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Checks on Goods: Northern Ireland and Great Britain

Part of the debate – in the House of Commons at 10:39 am on 24th October 2019.

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Photo of Nigel Dodds Nigel Dodds Shadow DUP Spokesperson (Reform and Constitutional Issues), Shadow DUP Spokesperson (Foreign Affairs), Shadow DUP Spokesperson (Brexit), DUP Westminster Leader 10:39 am, 24th October 2019

Let us get this into perspective: Northern Ireland to Great Britain trade is worth £14 billion a year; trade from Northern Ireland to the European Union, including the Irish Republic, is £4.8 billion; and those figures are replicated the other way. Our trade with the rest of the UK is absolutely the most important by a long way. We need to avoid checks, and there will be checks, because we are going to have export declarations for trade from Northern Ireland to Great Britain. The Secretary of State now calls them “administrative processes”, but they are exit declarations that have to be checked. From Great Britain to Northern Ireland, there will be customs declarations, physical checks, tariffs on goods going to the European Union and entry summary declarations.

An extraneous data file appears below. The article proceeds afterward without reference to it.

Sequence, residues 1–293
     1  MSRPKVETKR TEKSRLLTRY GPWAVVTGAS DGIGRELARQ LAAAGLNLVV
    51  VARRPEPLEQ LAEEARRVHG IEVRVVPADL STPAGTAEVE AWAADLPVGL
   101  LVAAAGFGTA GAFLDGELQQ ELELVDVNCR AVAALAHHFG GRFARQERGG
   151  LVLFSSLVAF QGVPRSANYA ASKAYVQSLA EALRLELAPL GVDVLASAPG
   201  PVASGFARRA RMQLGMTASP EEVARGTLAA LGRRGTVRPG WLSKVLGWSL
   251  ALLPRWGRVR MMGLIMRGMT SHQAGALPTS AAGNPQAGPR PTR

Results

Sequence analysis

The Government’s own impact assessment states that there is the potential of

“reduced trade, business investment and consumer spending” in Northern Ireland, and that small businesses will be hit disproportionately. Let us have a bit of clarity and honesty in this House! The fact of the matter is that this will adversely affect the most important trade that we have in Northern Ireland—that is the point we have always made. No checks along the Irish land border, yes, but we cannot then have those checks in the Irish sea.

Please will the Secretary of State take seriously the point that the shadow Secretary of State made and the Chief Constable made today? You are in danger of causing real problems with the Belfast agreement, the St Andrews agreement, and the political institutions and political stability in Northern Ireland by what you are doing to the Unionist community. Please wake up and realise what is happening here. We need to get our heads together and look at a way forward that can solve this problem. Don’t plough ahead regardless, I urge you.